High water in The Netherlands – a stress test for water management in a changing climate
by Meike van Ginneken, Water Envoy of the Kingdom of The Netherlands
At the COP climate summit in Dubai, I discussed how climate change manifests itself through water. A few days later, I saw this firsthand in my home country, The Netherlands.
Around the world, people experience climate change through water. Homes flood. Harvests fail because the rains come late. Businesses shut down because of drought.
In December 2023, The Netherlands faced flood risks through a combination of saturated soils, soaring river discharges, high tides and strong winds. While each of these events by itself is not exceptional, the combination of events is.
So water management faced a stress test. Water management in The Netherlands combines engineering solutions and in recent years more nature-based approaches.
Spoiler alert – The Netherlands passed the stress test. With the exception of some minor disruption, no major flooding occured.
All major storm surge barriers along the coast of the Netherlands were closed. Engineers were excited as the mighty Maeslant storm surge barrier closed automatically for the first time since its completion in 1997.
A few days later, floodplains along the major rivers filled up with water. The water took the ‘room for the river’ that had been created in the past twenty years by moving dikes further inland. Authorities decided to temporarily flood emergency overflow areas – low lying nature or agricultural land – to prevent greater social damage downstream.
Water authorities communicated proactively using excellent weather and water data and thorough emergency communication planning.
The high water got a lot of press coverage in the slow news weeks around the holidays. On Christmas prime minister Rutte thanked water workers for their vigilance. A visit to the photogenic vast swaths of water in rivers became a favorite family trip. Specialists and opinion makers debated on television about investments in flood protection, building restrictions in flood prone areas and nature preservation. These were the down-to-earth versions of the complex discussions I had participated in at the COP in Dubai.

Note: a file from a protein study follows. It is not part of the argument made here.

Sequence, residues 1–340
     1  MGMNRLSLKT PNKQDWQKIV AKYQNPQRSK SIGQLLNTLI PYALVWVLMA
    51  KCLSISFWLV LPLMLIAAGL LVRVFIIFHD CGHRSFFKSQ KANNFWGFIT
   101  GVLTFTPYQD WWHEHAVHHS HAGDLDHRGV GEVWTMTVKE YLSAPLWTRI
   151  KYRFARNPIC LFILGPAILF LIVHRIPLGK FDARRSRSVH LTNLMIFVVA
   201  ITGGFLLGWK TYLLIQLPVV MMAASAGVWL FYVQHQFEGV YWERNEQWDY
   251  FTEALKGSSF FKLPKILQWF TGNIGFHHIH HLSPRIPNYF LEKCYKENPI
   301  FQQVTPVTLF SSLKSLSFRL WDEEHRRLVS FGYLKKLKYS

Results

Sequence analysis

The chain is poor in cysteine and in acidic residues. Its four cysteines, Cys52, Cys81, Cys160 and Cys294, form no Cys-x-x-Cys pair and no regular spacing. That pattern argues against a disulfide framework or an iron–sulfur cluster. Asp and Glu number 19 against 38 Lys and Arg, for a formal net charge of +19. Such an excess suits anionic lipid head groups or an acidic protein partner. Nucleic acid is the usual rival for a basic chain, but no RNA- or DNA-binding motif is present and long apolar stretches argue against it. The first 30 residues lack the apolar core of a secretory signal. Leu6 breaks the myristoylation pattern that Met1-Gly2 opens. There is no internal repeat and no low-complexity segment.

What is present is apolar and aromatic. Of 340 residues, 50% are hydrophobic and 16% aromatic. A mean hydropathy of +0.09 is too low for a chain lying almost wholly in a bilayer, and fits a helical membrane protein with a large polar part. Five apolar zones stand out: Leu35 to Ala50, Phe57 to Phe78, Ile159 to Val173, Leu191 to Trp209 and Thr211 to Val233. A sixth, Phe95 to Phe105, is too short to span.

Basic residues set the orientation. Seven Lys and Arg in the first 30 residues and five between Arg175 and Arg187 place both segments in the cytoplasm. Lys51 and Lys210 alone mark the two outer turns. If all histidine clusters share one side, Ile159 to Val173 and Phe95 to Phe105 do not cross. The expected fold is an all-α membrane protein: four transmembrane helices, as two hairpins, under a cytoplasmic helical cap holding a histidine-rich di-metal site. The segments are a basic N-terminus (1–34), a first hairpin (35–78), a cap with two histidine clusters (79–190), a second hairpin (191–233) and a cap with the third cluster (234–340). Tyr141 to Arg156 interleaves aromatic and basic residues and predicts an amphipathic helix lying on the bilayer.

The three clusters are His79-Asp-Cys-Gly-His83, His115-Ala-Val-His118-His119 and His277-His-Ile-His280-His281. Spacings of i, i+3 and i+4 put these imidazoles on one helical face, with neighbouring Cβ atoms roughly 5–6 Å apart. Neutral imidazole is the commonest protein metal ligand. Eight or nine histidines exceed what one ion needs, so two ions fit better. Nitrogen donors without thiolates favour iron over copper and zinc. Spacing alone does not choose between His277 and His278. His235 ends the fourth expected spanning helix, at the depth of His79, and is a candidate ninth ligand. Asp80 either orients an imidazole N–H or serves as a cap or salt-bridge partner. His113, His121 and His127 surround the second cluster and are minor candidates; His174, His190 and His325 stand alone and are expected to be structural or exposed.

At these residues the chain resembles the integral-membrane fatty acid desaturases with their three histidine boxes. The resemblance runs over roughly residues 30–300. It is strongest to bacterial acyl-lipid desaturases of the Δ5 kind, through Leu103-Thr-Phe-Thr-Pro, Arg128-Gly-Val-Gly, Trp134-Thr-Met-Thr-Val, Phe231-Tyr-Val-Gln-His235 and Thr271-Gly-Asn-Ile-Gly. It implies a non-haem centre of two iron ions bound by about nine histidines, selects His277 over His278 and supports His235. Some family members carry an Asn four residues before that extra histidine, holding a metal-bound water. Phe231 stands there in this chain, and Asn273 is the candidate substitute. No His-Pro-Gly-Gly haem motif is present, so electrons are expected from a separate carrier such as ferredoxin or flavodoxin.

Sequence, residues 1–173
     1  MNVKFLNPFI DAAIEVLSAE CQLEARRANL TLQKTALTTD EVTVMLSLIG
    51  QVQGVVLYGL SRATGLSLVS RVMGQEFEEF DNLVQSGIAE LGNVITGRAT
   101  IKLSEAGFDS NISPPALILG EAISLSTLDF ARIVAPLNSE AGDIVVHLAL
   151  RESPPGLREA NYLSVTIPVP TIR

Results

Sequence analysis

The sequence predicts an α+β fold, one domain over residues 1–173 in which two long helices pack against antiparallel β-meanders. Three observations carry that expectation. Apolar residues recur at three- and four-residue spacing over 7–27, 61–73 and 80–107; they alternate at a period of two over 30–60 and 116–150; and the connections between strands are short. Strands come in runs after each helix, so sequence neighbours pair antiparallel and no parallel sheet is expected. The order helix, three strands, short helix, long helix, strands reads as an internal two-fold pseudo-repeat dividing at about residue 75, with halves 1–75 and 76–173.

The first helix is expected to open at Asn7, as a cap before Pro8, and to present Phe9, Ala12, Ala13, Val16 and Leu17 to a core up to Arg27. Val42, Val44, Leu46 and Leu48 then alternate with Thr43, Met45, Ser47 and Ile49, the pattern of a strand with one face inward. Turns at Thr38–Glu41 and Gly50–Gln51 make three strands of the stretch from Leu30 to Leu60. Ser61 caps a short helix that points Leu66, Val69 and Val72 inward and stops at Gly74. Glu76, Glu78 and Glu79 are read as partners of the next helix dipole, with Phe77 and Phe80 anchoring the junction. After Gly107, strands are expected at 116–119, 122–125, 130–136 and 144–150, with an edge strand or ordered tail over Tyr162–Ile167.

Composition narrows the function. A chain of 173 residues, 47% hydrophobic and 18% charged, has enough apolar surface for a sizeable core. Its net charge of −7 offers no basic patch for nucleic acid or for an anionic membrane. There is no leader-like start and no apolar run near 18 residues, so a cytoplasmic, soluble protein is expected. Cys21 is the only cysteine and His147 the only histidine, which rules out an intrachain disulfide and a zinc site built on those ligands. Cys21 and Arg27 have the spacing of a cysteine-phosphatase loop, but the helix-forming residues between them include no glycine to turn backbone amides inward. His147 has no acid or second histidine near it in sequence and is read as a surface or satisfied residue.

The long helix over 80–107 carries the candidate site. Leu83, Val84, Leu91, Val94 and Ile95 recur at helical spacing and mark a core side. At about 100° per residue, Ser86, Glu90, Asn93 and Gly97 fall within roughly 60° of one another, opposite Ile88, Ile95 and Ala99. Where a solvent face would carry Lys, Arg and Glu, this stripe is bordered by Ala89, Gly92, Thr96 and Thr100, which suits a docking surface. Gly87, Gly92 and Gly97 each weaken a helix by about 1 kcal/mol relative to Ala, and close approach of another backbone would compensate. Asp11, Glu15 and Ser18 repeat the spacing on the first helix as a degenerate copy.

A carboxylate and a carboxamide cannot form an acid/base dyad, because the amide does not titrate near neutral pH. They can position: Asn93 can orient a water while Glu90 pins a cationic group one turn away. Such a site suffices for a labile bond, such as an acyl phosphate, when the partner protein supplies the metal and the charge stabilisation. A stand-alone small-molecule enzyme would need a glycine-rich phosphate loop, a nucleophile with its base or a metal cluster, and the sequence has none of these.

With climate change, extreme weather and water events will occur more often. If water is the problem, good water management is the solution.
Governments, businesses and people around the world face difficult choices. They will have to agree on risk appetite. And they will face questions on climate justice including who will have to pay.
Engineering and technology will remain important. But engineering solutions alone will not be sufficient to adapt to the changing climate. Protection and restoring freshwater ecosystems will help to create water buffers against floods and droughts. And water will need to become central to spatial and economic planning.
Extreme events test our water management. They also generate important public debate. Throughout history, disasters or near-disasters have triggered policy changes and increased investments. As Dutch water managers say: Give us our daily bread, and once in a while an acute water threat.